Clementia. But why do you go so ? Tell me. 

Lelia. Listen, and you shall hear. You will then 
know how great is my affliction, why I have left the 
convent, why I go thus attired, and what I wish you 
to do in the matter. But step more aside, lest any 
one should pass who may recognize me, seeing me 
talking with you. 

20 THE DECEIVED. [act i. 

dementia. You destroy me with impatience. 
Lelia. You know that after the miserable sack of 
Eome, my father, having lost everything, and with 
his property my brother Fabrizio, in order not to be 
alone in his house, took me from the service of the 
Signora Marchesana, with whom he had placed me, 
and, constrained by necessity, we returned to our 
house in Modena to live on the little that remained 
to us here. You know, also, that my father, having 
been considered a friend of the Count Guido Eangon,* 
was not well looked on by many. 

dementia. Why do you tell me what I know better 
than you? I know, too, for what reason you left 
the city, to live at our farm of Pontanile, and that I 
went with you. 

Lelia. You know, also, how bitter were my feel- 
ings at that time : not only remote from all thoughts 
of love, but almost from all human thought, con- 
sidering that, having been a captive among soldiers, 
I could not, however purely and becomingly I might 
live, escape malicious observations. And you know 
how often you scolded me for my melancholy, and 
exhorted me to lead a more cheerful life. 

dementia. If I know it, why do you tell it me? 
Go on. 

Lelia. Because it is necessary to remind you of all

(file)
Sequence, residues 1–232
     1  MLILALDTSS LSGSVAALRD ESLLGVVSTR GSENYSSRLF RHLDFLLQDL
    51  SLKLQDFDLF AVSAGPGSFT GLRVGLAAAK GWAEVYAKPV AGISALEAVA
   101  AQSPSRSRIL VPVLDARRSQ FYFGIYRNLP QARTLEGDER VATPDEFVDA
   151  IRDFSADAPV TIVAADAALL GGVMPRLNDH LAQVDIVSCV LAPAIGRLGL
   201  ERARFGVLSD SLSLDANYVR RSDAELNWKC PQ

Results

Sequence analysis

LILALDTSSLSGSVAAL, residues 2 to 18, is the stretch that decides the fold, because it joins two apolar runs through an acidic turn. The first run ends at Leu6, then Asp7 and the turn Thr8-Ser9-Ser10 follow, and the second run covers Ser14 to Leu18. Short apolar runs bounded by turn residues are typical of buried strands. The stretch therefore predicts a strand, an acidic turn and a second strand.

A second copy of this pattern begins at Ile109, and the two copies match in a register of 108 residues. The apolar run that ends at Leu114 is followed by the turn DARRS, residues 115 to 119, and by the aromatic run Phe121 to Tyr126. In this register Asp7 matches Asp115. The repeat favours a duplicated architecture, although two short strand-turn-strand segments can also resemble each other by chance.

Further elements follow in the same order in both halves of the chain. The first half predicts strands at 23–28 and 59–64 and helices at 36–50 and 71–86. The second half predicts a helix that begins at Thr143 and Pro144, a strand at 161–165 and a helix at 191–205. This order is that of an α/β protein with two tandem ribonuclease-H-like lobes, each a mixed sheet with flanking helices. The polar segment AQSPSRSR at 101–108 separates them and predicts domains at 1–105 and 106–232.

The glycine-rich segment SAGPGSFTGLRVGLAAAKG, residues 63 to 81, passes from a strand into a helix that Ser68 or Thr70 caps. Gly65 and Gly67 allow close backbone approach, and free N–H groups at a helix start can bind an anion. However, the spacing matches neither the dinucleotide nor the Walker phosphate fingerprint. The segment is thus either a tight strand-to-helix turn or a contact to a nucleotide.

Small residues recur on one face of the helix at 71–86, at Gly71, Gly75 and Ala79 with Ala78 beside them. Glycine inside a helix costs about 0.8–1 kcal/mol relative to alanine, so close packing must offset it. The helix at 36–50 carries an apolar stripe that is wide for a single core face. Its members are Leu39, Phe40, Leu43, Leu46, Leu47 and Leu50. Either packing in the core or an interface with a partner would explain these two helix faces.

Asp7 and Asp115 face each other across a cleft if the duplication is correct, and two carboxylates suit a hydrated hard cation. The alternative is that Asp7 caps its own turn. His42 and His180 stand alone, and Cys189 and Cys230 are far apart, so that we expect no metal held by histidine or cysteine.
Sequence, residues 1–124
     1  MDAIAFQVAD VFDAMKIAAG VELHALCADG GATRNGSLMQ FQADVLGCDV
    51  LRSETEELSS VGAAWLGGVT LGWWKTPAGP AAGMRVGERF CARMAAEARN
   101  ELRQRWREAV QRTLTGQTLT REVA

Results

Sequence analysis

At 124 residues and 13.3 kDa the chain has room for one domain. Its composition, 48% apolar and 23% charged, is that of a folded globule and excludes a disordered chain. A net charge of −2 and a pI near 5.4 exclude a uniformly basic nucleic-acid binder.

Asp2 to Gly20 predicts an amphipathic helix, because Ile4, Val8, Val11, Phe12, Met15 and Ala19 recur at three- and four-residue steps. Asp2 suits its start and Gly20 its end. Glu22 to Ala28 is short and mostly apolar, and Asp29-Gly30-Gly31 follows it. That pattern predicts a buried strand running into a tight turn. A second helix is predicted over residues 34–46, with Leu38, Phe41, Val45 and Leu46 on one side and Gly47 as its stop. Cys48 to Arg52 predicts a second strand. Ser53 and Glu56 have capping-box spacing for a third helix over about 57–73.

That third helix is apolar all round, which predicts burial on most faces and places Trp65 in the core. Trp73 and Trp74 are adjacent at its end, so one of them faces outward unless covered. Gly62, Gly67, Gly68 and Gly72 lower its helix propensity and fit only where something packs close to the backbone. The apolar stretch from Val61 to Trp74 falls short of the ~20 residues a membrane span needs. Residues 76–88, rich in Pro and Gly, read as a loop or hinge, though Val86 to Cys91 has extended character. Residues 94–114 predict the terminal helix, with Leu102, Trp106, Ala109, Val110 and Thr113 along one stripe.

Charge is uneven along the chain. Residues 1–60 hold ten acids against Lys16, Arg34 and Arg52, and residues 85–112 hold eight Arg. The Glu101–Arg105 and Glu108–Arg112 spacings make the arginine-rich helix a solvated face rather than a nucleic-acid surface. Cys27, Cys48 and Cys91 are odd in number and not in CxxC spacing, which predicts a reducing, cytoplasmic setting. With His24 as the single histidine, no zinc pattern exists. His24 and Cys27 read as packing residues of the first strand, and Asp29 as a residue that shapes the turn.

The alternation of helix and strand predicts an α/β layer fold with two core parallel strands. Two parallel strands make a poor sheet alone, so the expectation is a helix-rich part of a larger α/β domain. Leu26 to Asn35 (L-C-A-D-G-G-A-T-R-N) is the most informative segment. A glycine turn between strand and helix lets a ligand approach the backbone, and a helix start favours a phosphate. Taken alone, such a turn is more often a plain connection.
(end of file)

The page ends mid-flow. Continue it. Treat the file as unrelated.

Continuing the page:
this, that you may understand what follows. It 
happened at this time that Flaminio Carandini, from 
having been attached to the same party as ourselves, 
formed an intimate friendship with my father, came 
daily to our house, began to admire me secretly, 

* This count makes a conspicuous figure in Guieciardini's 


then took to sighing and casting down his eyes. By- 
degrees I took increasing pleasure in his manners 
and conversation, not, however, even dreaming of 
love. But his continuous visits, and sighs, and signs 
of admiration at last made me aware that he was not 
a little taken with me, and I, who had never felt 
love before, deeming him worthy of my dearest 
thoughts, became in love with him so strongly that 
T had no longer any delight but in seeing him. 

Clementia. Much of this I also knew. 

Lelia. You know, too, that when the Spanish 
soldiers left Eome my father went there, to see 
if any of our property remained, but, still more, to 
see if he could learn any news of my brother. He 
sent me to Mirandola, to stay, till his return, with 
my Aunt Giovanna. With what grief I separated 
myself from my dear Flaminio you may well say, 
who so often dried my tears. I remained a year at 
Mirandola, and on my father's return I came back to 
Modena, more than ever enamoured of him who was 
my first love, and thinking still that he loved me as 

Clementia. Oh, insanity ! How many Modenese 
have you found constant in the love of one for a 
3^ear ? One month to one, another month to another, 
is the extent of their devotion. 

Lelia. I met him, and he scarcely remembered me, 
more than if he had never seen me. But the worst 
of it is, that he has set his heart on Isabella, the 
daughter of Gherardo Foiani, who is not only very 
beautiful, but the only child of her father, if the 
crazy old fellow does not marry again. 

Clementia. He thinks himself certain of having you. 

22 THE DECEIVED. [act i, 

and says, that your father has promised you to him. 
But all this does not explain to me why you have 
left the convent, and go about in male apparel. 

Lelia. The old fellow certainly shall not have me. 
But my father, after his return from Eome, having 
business at Bologna, placed me, as I would not return 
to Mirandola, in the convent with my cousin Amabile 
de' Cortesi. I found, that among these reverend 
mothers and sisters, love was the principal subject of 
conversation. I therefore felt emboldened to open my 
heart to Amabile. She pitied me, and found means to 
bring Flaminio, who was then living out of the town, 
in a palazzo near the convent, several times to speak 
with her and with others, where I, concealed behind